Loren Coleman’s Top Ten Reasons For Cryptozoology Hoaxes

Posted by: Loren Coleman on April 1st, 2012

de Loys Ape

The cropped photograph of the so-called Ameranthropoides loysi, de Loys’ alleged “ape,” illustrates the political type of motive behind one of the most sinister hoaxes of all times (see #10 below).

My choices for the top ten major reasons that exist for hoaxing in cryptozoology are:

(1) fiscal gain (e.g. allegedly the reason behind a hoaxster’s “Coast to Coast AM” radio appearances was so the guest’s broadcast claims of a “captured Bigfoot” video he said he was going to post online would encourage “subscribers” to pay a fee to “see” it; in the case of the Georgia hoax, allegedly $50,000 was aquired);

(2) fifteen minutes of fame (e.g. the late Ivan Marx, the late Ray Wallace, the Georgia hoaxers, and other members of the hoaxing fraternity appear to have had a psychological need for media-attention, resulting in a temporary sense of celebrity);

ray wallace
Ray Wallace.

The late Mark Chorvinsky told Seattle Times reporter Bob Young in 2002, when asked to reply to Dr. Meldrum’s dismissal of the Ray Wallace hoaxes: “Jeff Meldrum is not an expert in creating hoaxes. I was a professional magician and special-effects film director; anything can be faked.”

(3) pranks (i.e., these can be April Fools ~ like John Green’s ~, harmless teen, misguided college or Halloween-style practical jokes that go overboard and become local legends);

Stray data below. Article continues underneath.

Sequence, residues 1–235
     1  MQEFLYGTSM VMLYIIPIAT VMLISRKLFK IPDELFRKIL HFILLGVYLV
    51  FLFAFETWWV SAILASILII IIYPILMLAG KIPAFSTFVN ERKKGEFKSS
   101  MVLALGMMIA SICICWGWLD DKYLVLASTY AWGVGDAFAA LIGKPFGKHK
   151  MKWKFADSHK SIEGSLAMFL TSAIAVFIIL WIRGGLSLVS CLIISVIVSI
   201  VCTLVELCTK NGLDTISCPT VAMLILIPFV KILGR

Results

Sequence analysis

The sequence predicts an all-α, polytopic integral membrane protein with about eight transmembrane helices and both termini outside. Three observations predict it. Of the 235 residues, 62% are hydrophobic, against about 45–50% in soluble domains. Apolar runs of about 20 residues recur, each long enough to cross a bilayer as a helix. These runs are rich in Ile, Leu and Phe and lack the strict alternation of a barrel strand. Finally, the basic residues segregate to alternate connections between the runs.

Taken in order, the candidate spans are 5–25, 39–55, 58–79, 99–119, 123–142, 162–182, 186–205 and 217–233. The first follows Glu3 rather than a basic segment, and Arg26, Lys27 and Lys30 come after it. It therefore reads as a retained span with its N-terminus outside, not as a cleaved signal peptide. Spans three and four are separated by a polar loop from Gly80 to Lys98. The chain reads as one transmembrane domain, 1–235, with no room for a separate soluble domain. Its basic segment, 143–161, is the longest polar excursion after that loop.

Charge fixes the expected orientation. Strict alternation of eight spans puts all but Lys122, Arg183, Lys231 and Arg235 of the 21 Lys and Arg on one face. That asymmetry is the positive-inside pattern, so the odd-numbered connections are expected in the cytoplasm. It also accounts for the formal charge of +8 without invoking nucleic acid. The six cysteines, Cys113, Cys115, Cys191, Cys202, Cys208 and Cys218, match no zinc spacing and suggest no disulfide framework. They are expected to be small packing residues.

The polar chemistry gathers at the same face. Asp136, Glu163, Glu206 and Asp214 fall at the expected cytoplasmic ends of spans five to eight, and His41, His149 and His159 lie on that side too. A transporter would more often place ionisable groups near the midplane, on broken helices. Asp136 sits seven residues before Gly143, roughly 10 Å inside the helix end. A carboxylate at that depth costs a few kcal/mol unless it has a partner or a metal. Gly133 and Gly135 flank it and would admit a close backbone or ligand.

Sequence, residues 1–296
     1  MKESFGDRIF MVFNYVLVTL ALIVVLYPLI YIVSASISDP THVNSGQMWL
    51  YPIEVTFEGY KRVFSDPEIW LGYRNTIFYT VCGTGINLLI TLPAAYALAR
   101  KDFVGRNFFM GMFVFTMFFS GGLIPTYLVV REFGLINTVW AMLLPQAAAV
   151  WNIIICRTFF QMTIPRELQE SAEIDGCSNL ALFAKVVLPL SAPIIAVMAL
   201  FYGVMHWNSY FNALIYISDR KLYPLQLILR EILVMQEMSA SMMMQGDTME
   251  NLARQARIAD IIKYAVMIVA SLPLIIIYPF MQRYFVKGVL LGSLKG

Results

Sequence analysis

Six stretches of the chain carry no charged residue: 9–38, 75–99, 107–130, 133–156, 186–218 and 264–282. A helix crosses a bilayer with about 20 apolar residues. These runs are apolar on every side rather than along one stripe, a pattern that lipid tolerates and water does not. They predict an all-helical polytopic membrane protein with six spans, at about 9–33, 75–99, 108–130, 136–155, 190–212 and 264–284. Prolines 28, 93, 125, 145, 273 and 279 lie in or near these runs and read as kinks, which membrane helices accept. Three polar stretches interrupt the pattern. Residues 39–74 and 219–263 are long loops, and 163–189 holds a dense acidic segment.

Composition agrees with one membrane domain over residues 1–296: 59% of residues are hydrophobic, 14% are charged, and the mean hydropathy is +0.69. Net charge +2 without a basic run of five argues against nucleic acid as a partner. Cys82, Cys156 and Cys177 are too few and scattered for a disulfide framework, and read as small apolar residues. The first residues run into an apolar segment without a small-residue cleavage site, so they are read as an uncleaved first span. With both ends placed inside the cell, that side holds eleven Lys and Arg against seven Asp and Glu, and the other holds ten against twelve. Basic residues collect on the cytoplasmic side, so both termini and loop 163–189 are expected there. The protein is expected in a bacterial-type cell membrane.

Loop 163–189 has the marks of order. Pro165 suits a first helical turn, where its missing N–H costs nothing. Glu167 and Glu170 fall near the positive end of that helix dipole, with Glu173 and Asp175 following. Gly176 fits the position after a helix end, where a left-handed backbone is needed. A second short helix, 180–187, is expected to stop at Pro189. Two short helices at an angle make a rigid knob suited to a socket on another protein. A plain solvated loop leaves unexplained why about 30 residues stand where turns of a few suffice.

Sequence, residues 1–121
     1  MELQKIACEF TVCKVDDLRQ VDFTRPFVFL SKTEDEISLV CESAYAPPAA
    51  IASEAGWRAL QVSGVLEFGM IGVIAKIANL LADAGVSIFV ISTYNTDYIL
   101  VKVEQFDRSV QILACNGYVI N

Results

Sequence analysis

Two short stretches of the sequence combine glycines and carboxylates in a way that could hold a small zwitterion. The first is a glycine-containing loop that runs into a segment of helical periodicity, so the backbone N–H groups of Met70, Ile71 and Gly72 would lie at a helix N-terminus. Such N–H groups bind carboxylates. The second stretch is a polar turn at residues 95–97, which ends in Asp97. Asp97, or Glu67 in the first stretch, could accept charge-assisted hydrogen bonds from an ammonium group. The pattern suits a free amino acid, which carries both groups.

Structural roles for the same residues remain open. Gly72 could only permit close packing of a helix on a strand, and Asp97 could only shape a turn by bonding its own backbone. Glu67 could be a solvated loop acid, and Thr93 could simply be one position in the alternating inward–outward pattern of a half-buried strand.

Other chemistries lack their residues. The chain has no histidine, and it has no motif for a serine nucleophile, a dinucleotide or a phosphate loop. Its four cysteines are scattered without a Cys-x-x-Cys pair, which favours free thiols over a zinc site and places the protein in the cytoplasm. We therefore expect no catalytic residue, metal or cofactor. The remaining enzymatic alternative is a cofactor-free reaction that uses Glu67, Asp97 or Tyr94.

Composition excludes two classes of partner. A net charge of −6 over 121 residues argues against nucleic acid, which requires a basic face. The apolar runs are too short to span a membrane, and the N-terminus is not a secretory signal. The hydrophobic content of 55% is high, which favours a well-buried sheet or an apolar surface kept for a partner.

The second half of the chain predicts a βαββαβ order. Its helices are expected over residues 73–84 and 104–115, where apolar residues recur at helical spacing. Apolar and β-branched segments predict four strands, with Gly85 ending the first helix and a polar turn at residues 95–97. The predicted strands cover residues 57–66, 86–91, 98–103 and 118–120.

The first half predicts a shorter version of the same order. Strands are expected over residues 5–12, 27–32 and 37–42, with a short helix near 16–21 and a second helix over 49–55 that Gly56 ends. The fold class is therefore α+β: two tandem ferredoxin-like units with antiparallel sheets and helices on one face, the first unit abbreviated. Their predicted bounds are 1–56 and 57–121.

(4) spreading misinformation (e.g. when I was doing research for Cryptozoology A to Z, an individual attempted to create an online history of sightings about the so-called “Ozark Howler,” so I would write an entry on them in my forthcoming book; his deception was discovered and not one paragraph exists therein on this fake cryptid);

(5) vandalism (i.e,. some hoaxing appears to be mischief, performed for psychological reasons only known to the creator, to cause disruptions for disruptions’ sake, in a display of misguided behavior in a powerless or mentally unbalanced person; some have called these purely “evil” acts);

(6) venting of anger or revenge targeting a specific group or individual (i.e., a few manufactured events are private personalized incidents that may get incidental local or national media attention, although the original non-media motive may be lost in the publicity that results);

(7) private exchanges gone bad (i.e., related to bragging, hoaxing, and pranks that spreads beyond a small circle of friends and foes, such as the faking of some Bigfoot prints in the Pacific Northwest by the late Ray Wallace and the late Rant Mullens, who claimed to be in a “Liars Club”)

Wallace Track

Despite the media’s attempts to look for easy answers, the 1958 Bluff Creek-Jerry Crew Bigfoot tracks appear to not match Ray Wallace’s wooden fakery.

(8) misinterpreted jokes (e.g. these are funny gags that are misunderstood by others – botched – as discussing reality, discovered to be fiction, and thus have been labeled a hoax, perhaps inappropriately);

(9) discrediting a company or an individual (i.e. these appear to be different than #6 above, as the public media factor is built into the hoax, by design); and

(10) political reasons (e.g. the racism behind the photographs of spider monkeys taken by François De Loys in 1920 in Venezuela that have been passed off as unknown apes; the hoax was to support the eugenics theories of George Montandon, who was looking for an anthropoid precursor for the Native South Americans, just as he had said Africans evolved from gorillas and Asians from orangutans*; his theories were linked to the same ideas that the Nazis used against the Jewish, Roma people and other populations during the Holocaust).


De Loys’ “ape” (below) is nothing more than a spider monkey (with the tail hidden), similar to the one pictured (above), which you may enlarge by clicking on the image.

* “De Loys’s Photograph: A Short Tale of Apes in Green Hell, Spider Monkeys, and Ameranthropoides loysi as Tools of Racism” by Loren Coleman and Michel Raynal, in The Anomalist 4, Autumn 1996.